Nadine Gordimer (1923-2014), R.I.P.

Nadine Gordimer (1923-2014)

The grande dame of South African literature Nadine Gordimer never really considered herself an activist-writer, though she was closely associated with the anti-Apartheid movement and her work in protest against it opened the eyes of the world to the brutality and injustice of her country. In fact, in Lite­rary Miniatures, reviewed alongside, she says: “I’ve been writing since I was nine years old, in a country where the air saturated with politics. My characters are naturally imbued with it. In fact, I am only telling the truth about the society in which I live.” In The Ess­e­ntial Gesture: Writing, Politics and Places, she quotes Camus, “When I become only a writer, I will stop writing.” Elsewhere, Gordimer says of writing: “Your whole life you are really writing one book, which is an attempt to grasp the consciousness of your time and place—a single book wri­tten from different stages of your ability.”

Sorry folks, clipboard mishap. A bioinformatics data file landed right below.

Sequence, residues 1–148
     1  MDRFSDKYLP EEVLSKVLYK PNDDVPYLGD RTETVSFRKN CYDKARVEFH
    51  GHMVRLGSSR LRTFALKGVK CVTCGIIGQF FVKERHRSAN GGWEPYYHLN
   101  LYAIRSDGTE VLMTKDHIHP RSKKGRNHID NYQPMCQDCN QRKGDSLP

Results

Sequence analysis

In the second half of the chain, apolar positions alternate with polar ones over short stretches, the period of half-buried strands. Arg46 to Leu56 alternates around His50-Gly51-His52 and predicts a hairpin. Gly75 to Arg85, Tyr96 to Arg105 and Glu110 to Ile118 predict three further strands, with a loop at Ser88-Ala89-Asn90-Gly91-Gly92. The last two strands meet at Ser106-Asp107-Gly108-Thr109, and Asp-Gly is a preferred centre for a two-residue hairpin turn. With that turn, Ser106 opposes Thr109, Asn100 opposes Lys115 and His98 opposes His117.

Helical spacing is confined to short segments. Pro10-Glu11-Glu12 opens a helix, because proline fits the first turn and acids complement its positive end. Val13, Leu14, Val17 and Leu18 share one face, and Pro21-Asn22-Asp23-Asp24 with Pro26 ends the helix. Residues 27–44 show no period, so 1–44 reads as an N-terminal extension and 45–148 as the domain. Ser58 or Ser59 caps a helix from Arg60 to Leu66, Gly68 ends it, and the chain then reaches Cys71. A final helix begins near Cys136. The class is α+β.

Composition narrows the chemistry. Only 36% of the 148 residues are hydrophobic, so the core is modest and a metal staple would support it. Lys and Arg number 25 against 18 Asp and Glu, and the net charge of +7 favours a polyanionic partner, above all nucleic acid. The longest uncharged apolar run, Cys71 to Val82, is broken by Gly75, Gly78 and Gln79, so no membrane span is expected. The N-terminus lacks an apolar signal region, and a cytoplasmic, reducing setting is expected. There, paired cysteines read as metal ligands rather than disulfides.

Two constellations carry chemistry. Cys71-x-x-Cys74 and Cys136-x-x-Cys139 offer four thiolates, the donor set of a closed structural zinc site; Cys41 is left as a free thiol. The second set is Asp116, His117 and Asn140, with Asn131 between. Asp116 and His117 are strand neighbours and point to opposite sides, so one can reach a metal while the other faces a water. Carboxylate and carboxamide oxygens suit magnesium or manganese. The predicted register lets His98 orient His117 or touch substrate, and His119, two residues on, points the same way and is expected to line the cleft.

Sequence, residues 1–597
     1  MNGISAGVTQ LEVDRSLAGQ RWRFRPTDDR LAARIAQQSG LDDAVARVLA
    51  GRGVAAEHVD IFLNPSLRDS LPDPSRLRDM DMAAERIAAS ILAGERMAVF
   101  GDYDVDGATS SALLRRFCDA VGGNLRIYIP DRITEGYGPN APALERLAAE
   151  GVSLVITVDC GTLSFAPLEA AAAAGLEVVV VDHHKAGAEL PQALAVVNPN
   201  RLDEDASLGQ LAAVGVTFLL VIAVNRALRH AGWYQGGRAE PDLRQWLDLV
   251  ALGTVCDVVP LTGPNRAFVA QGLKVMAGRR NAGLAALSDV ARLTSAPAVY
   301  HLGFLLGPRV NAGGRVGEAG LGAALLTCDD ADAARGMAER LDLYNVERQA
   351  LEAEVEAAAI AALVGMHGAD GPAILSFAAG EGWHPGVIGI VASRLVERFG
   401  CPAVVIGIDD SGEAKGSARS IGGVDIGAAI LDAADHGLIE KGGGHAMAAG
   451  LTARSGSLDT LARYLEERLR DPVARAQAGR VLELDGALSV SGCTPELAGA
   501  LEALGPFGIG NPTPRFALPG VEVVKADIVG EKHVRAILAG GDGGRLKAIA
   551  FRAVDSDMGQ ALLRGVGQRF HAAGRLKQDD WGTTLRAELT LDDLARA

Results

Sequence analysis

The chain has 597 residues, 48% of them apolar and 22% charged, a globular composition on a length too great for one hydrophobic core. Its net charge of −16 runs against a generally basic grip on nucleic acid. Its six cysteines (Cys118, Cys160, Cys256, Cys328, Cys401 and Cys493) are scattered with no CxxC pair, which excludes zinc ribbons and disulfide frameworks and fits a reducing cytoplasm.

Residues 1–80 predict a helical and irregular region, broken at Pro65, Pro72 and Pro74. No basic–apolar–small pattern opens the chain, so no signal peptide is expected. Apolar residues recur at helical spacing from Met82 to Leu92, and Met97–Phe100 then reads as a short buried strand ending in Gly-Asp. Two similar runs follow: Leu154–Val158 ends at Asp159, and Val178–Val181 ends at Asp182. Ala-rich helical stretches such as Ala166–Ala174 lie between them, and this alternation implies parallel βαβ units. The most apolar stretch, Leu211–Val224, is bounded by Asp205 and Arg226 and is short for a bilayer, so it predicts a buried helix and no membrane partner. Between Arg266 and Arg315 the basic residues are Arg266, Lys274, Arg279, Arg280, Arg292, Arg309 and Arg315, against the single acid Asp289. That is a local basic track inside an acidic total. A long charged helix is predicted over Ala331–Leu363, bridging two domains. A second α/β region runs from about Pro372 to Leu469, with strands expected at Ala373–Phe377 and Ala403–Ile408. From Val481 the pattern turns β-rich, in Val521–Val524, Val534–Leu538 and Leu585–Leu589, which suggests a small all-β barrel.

Gordimer’s first story was published when she was only 13 and she had come up with her first collection of stories, The Lying Days, before she turned 20. When the Nobel and Booker winner passed away, she left behind a corpus of 15 novels, plays and many collecti­ons of stories and essays. She was an admirer of Nelson Mandela and suppo­rted the Afr­i­can National Conference, even its use of arms against the oppre­ssive regime. But of late, she had bec­ome a critic of the ANC too, for its move to bring secrecy laws by which the government could send whistlebl­owers and journalists to jail without trial. Gordimer was active till the end, celebrating her 90th birthday in Joha­nne­sburg in great style last November.

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